COVID-19 Accelerated the Impending Retail Apocalypse According to Maropost CEO

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( — June 4, 2020) — After the U.S. announced the extension of federal social distancing guidelines to prevent the spread of COVID-19, the retail economy, as we knew it, had come to a complete standstill.

Even Apple, according to The Verge, had announced the temporary closure of all of its retail stores “outside of Greater China” until March 27th — only to recount that statement a couple of days later to inform the public that it will be closing its doors indefinitely to help stem the spread of the novel coronavirus.

On the other end of the spectrum, however, we’re beginning to see big online retailers like Amazon announcing that it’s struggling to keep up with the current consumer demand.

So much so that they’ve posted warnings all over their site informing their customers that they will be delaying the delivery of all non-essential items (or, in some cases, blocking their delivery altogether.)

On March 16th, Amazon had even announced that they have filled over 100,000 new jobs, and are expecting to add another 75,000 more in order to make up for the rise in demand.

This marks the very beginning of this dramatic shift towards online shopping during the COVID-19 crisis. But, of course, this shift to online retailers is not necessarily a surprise.

Ross Andrew Paquette, CEO of Maropost, a tech company that is highly regarded as one of the digital marketing industry’s most leading innovators, summarizes the situation succinctly in an interview with Thrive Global. By saying the following…

“I am certain that COVID-19 will only accelerate the retail apocalypse — the already dramatic shift to online shopping that has already gone up to nearly 100% during this period. It’s making almost everyone more comfortable with making all of their purchases online.”

Online shopping has been on the fast track for years, of course, but we’ve never seen growth quite this big.

Based on a Statistica survey that observed the trends of eCommerce from 2017 to 2019, we can expect to have 300 million online shoppers by 2023 in the US alone — that’s roughly 91% of the country’s entire population. That same survey also calculated that eCommerce sales are expected to surpass $740 billion in the same year.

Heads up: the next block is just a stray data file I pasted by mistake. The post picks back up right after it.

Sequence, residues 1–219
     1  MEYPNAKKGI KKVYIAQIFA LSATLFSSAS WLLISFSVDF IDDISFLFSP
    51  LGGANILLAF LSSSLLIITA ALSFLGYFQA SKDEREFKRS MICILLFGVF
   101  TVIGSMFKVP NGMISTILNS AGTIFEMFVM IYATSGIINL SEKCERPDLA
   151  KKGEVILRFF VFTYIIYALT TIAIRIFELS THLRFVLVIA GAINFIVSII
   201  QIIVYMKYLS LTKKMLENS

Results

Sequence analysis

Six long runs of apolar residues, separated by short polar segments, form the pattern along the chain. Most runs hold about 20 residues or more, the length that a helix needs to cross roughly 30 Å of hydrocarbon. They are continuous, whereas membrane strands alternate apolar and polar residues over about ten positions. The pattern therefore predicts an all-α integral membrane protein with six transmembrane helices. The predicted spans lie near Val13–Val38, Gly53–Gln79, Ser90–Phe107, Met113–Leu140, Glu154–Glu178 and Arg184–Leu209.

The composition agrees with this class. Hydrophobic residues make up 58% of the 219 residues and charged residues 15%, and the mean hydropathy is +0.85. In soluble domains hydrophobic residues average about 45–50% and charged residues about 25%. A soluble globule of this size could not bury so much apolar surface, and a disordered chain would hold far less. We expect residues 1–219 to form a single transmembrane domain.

At the time the survey was done, the majority of online shoppers (at least 59%) had bought clothing items.

COVID-19 has flipped this all around the world, with the most in-demand consumer items, according to Visual Income, focusing on what the general public considers as necessities while they participate in social distancing. A lot of which had been primarily purchased from regular retail shops prior to COVID-19.

This summarizes most of the relevant shifts in the current global economy. Or so, according to the widespread media. However, there are other things going on behind the scenes that could eventually affect how buyers will be purchasing items in the future.

Specifically, in the realm of cloud computing and the impending risks thereof, as COVID-19 continues to make its havoc all over the world.

More on that below.

The Truth Behind Online Retailers

There is no denying that COVID-19 has greatly affected the way consumers are shopping in 2020. And, all evidence points to online retailers winning over retail shops in this particular fight.

However, there are a couple of things going on behind the scenes that may keep this shift from becoming permanent. Especially, as the correlation between the sudden influx of customers, and the instability of cloud infrastructure, becomes more evident.

A lot of the online retailers of today are heavily reliant on something called cloud computing. By using the cloud, their efficiency and flexibility as an online business grow.

However, as online retailers rush to make the relevant changes in their cloud infrastructure to support the sudden increase in online shoppers, there are rising security concerns in a large number of employed IT professionals. In fact, 84% are concerned that they have already been hacked, and they just don’t know it yet, according to Security Magazine.

Instability in a retailer’s cloud infrastructure can result in the increased risk of security breaches — which can cause data to be leaked.

Econotimes reports that marketing automation platforms like Maropost, the tech company that we had mentioned in the beginning, face increased risk at this time. In fact, Maropost had actually dealt with a log file exposure scare not three weeks ago — after investing quite heavily in the maintenance of their cloud infrastructure.

In Maropost’s case, according to their founder, Ross Andrew Paquette, it had truly been nothing but a scare — no information was leaked on any of their customers.

However, according to this article on Hibbox, which specifically talks about how the ‘Coronavirus Global Pandemic Increases Risk of Data Breaches in 2020’ Maropost’s fortune, in this case, may truly be an outlier. So…

There is still a very big chance that a major data breach will happen to another company.

Should one occur, all the customers of these online retailers are subject to increased risk of cyber threats like identity theft, financial fraud, and phishing scams — all of which have already seen a dramatic increase because of COVID-19.

Especially the risk of phishing scams, which involve using fear and scare tactics to rob people of their money or their personal information.

This has been the newest stratagem of many cyber criminals that want to profit from the panic and desperation caused by the novel coronavirus, according to Google, who released a report warning its users to stay alert during this time, as over $12 million have already been stolen from misguided Americans because of these phishing scams

Photo by Markus Spiske on Unsplash

Photo by Heidi Fin on Unsplash